Small businesses feeling the impact of coronavirus on job and wage growth
Small businesses that had been experiencing steady job and wage growth prior to the outbreak of the coronavirus pandemic are seeing that situation change, according to figures from the payroll giant Paychex.
Paychex and IHS Markit’s monthly "Small Business Employment Watch" indicated a decrease in both small-business employment and wage growth. The report is based on data only through March 19, a time when many businesses began to modify operations as a result of the COVID-19 outbreak, so they’re likely to show much steeper drops in employment and wages in next month’s report.
The jobs index slowed only 0.11 percent to 98.21 from mid-February to mid-March, and 0.57 percent year-over-year. Hourly earnings growth dipped only to 2.68 percent ($0.72), while weekly earnings growth also dropped to 3.08 percent. On a regional basis, the West had the steepest employment growth decline in March, down 0.19 percent. Weekly hours worked growth in the West also declined considerably in March as the one-month annualized growth rate fell 2.47 percent.
Weekly-hours-worked growth also fell sharply in the leisure and hospitality sector in March, with the one-month annualized growth rate falling 6.58 percent. Small-business job growth in leisure and hospitality was also down 0.39 percent, slowing the most among industry sectors during the first quarter of 2020. Overall, Paychex found that the positive earnings growth momentum it saw toward the end of 2019 has now reversed during the first quarter of 2020.
“We’re hearing about a lot of [small businesses] closing their doors, but a lot of them are hanging on,” said Frank Fiorille, vice president of risk management, compliance, and data analytics at Paychex. “They do see an end to this.”
He believes that many small businesses are aware of the stimulus package passed by Congress last week, known as the CARES Act, which includes provisions for helping small businesses that retain their employees on payroll. equal to 50 percent of the qualified wages paid by the employer with respect to each employee. The CARES Act includes an employee retention tax credit that covers 50 percent of employee wages, up to a cap of $10,000 per employee per year. Small businesses can also get loans of up to $10 million from the Small Business Administration under a new Paycheck Protection Program to cover eight weeks of payroll, and the loans are forgivable as long as the business retains its employees for that period.
“The new SBA loan provisions, the payroll protection plan, a lot of clients are very interested in that,” said Doug Bekker, a tax partner at BDO USA. “If they retain their employees, the loan gets forgiven, so it basically becomes a direct cash infusion. But for taxpayers who don’t qualify for that, there is the employee retention tax credit, which was put into place. It allows larger taxpayers who don’t qualify for the SBA loan to potentially get a credit of up to $5,000 covering 50 percent of employee wages. It can cover $10,000 of employee wages, and the government will chip in half of that for employees that you are retaining, but aren’t providing services. The thought there being that if you are shut down — and that is one of the requirements: you have to be shut down by either government order or your revenue has to have dropped by a considerable amount — if that’s happening and you’re retaining employees who are idle but you’re continuing to pay them, you can get this credit. Obviously that can be a nice cash infusion for companies in that situation.”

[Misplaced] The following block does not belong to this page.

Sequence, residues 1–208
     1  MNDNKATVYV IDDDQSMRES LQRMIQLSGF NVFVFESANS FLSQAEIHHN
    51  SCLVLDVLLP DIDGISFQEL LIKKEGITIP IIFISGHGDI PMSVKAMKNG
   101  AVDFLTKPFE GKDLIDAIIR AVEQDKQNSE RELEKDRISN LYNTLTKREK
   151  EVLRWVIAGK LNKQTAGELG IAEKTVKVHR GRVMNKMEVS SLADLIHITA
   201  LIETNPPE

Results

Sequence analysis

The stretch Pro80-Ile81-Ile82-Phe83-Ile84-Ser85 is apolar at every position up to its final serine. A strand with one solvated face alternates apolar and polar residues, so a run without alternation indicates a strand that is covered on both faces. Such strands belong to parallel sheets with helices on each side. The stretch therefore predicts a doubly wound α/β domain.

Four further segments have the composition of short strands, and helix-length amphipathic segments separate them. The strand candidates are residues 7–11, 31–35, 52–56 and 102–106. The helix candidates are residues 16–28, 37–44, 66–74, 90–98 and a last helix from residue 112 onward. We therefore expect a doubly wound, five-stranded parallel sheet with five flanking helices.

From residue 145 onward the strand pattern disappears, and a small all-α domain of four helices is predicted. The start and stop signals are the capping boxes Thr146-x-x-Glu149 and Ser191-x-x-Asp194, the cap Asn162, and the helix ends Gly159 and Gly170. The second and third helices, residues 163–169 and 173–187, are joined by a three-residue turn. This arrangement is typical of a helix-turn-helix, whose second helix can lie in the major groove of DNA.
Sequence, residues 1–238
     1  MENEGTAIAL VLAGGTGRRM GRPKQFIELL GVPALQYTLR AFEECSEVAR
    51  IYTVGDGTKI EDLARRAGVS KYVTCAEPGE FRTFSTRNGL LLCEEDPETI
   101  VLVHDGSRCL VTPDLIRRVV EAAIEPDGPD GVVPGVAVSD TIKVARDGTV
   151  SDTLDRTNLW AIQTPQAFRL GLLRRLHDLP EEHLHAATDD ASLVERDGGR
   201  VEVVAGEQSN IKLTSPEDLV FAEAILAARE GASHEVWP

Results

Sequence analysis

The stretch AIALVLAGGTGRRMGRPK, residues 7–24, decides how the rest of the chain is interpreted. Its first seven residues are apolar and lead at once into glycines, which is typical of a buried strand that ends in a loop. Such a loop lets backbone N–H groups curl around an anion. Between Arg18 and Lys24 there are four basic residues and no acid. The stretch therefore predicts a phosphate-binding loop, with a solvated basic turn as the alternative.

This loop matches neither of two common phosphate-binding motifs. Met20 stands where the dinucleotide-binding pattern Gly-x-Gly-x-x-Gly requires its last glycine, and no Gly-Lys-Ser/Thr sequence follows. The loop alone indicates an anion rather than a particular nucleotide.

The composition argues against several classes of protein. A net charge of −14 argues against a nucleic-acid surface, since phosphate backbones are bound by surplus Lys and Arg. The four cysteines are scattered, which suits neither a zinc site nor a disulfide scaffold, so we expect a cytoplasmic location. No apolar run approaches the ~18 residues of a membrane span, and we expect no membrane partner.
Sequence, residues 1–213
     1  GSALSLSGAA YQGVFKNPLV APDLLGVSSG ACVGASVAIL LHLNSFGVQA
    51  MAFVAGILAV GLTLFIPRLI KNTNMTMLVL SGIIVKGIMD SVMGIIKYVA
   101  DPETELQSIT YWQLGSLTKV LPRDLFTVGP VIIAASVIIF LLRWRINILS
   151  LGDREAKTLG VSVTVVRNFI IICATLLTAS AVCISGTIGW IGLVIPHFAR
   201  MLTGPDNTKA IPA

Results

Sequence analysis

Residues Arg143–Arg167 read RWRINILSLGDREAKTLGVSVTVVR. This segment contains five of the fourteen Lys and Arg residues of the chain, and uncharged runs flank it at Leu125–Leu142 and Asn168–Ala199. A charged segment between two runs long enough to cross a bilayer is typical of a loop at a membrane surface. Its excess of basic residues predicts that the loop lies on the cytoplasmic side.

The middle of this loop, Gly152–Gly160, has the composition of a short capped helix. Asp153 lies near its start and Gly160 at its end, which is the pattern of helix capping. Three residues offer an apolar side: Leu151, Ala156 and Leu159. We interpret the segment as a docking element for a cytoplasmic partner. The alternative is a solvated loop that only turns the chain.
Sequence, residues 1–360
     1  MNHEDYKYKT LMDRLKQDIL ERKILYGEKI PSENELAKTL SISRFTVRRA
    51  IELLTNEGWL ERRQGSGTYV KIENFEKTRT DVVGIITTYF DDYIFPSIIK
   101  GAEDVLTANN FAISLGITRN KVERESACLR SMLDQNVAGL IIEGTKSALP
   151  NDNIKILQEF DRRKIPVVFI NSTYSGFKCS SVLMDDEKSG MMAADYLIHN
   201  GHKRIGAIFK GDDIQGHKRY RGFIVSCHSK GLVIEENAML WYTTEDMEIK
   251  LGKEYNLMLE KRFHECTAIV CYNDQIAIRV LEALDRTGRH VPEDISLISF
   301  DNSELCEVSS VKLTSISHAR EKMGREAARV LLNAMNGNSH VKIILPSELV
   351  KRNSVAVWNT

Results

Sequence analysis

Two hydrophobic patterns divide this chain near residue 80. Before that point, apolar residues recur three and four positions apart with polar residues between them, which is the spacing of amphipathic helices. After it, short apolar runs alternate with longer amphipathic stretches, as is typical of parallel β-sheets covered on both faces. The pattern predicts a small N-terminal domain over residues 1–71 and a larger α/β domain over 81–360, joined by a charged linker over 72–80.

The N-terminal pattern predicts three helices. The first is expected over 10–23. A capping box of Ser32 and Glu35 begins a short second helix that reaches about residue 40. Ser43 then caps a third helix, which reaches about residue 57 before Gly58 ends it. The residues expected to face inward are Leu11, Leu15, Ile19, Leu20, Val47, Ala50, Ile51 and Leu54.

Fiorille pointed to small businesses trying to be creative by furloughing a few workers while keeping the business up and running, at least for now. He noted that businesses were in a strong position before the coronavirus hit.
Last year, the biggest issue for many small businesses was finding enough qualified employees to do the work, and many of them remain hesitant to let their workers go. Nevertheless, the U.S. Department of Labor reported last week that 3.3 million workers applied for unemployment benefits in the previous week, and economists are predicting this week’s report will show that 3.5 million jobless claims were filed last week.
“I would anticipate that last week and this week are probably going to be tough weeks,” said Fiorille. “We definitely are seeing a deterioration.”
He advises accountants to tell their small business clients to stay up to date with the latest government programs available to help them deal with the crisis. Paychex is working with the American Institute of CPAs and several other payroll providers in trying to convince the Treasury and the IRS to use their commercial payroll programs to get the money out to small businesses faster, which helped in the aftermath of Hurricane Katrina (see our story). However, so far, the Treasury and the IRS are still planning to use the government’s own payroll facilities.
“I do think the Treasury is really trying to move fast here,” said Fiorille. “They recognize they’ve got to make it as simple and as easy as possible, with very low documentation. They obviously do have to control for the fraud, but I think they are really trying to get money in their hands very quickly here.”